The gas generating agent used in the test is the same as the gas generating agent used in the above bonfire test (composition and amount of each component).

The above test results suggest that the gas generator using 20 mg of automatic igniting agent is advantageous in that the automatic activation time of the gas generating agent at high temperatures can be shortened. However, the gas generator using 8 mg of the automatic igniting agent is superior in not only that point but also the stability over time. Accordingly, by limiting the amount of use of the automatic igniting agent, long term stability of the product is ensured when installed on an automobile.

INDUSTRIAL APPLICABILITY

According to the present invention, by forming an automatic igniting agent layer on the inner surface of the combustion chamber for the gas generating agent, the automatic activation time of the gas generator at high temperatures can be shortened even with an extremely small amount of the automatic igniting agent of a mg level. As a result, a micro gas generator with an automatic ignition function activated before embrittlement by heat without loss of the cleanliness of exhaust gas can be obtained. In addition, by limiting the amount of use of the automatic igniting agent, an automatic ignition micro gas generator having superior stability over time can be obtained.

Referenced by
Citing PatentFiling datePublication dateApplicantTitle
US7503987 *Nov 21, 2003Mar 17, 2009Nippon Kayaku Kabushiki KaishaTubular molded article of a gas generating agent consisting of a non-azide-based composition. Both ends of the molded article are squashed; restricts its heat value, exhibits a high combustion performance, and is gradually burnt at the beginning of combustion and then rapidly burnt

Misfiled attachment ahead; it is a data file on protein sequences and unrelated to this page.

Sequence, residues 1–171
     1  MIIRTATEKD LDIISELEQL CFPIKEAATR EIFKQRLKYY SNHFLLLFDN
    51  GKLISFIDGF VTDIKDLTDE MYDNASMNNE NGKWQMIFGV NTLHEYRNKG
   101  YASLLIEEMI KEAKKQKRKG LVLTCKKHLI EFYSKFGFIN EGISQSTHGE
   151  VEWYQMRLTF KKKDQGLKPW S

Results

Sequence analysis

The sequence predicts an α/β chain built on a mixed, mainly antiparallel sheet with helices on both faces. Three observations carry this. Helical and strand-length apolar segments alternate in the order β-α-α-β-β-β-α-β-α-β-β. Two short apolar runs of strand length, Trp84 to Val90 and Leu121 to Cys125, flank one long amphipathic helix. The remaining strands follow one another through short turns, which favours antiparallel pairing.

US7685939 *Dec 26, 2006Mar 30, 2010Showa Kinzoku Kogyo Co., LtdIgnition charge for initiator and method of production
US7942990 *Dec 17, 2007May 17, 2011Daicel Chemical Industries, Ltd.Includes a pressurized gas and a solid gas generating agent that generates a combustion gas,the solid gas generating agent including at least an oxidizing agent and a binder, the pressurized gas including 15 mol % or more of oxygen; airbag system of an automobile
US8496266 *Jan 31, 2008Jul 30, 2013Tk Holdings, Inc.Gas generating system
US20120180692 *Oct 15, 2010Jul 19, 2012Nipponkayaku KabushikikaishaGas generating agent composition and molded product therof and gas generator using the same
US20130199400 *Oct 3, 2011Aug 8, 2013Nippon Kayaku Kabushiki KaishaGas generator, gas generator holder and method for manufacturing gas generator holder
Classifications
U.S. Classification102/530, 102/202.12
International ClassificationB60R21/26, B60R21/264, F42B3/10, F42C11/00, F42B3/12
Cooperative ClassificationB60R21/2644, F42B3/12, B60R2021/26029
European ClassificationB60R21/264C, F42B3/12
Legal Events
DateCodeEventDescription
Aug 16, 2011FPAYFee payment
Year of fee payment: 4
Mar 28, 2005ASAssignment
Owner name: NIPPON KAYAKU KABUSHIKI KAISHA, JAPAN
Free format text: ASSIGNMENT OF ASSIGNORS INTEREST;ASSIGNORS:KODAMA, RYOI;KURITA, KAZUMASA;IKEDA, KENJIRO;REEL/FRAME:016400/0577
Effective date: 20050304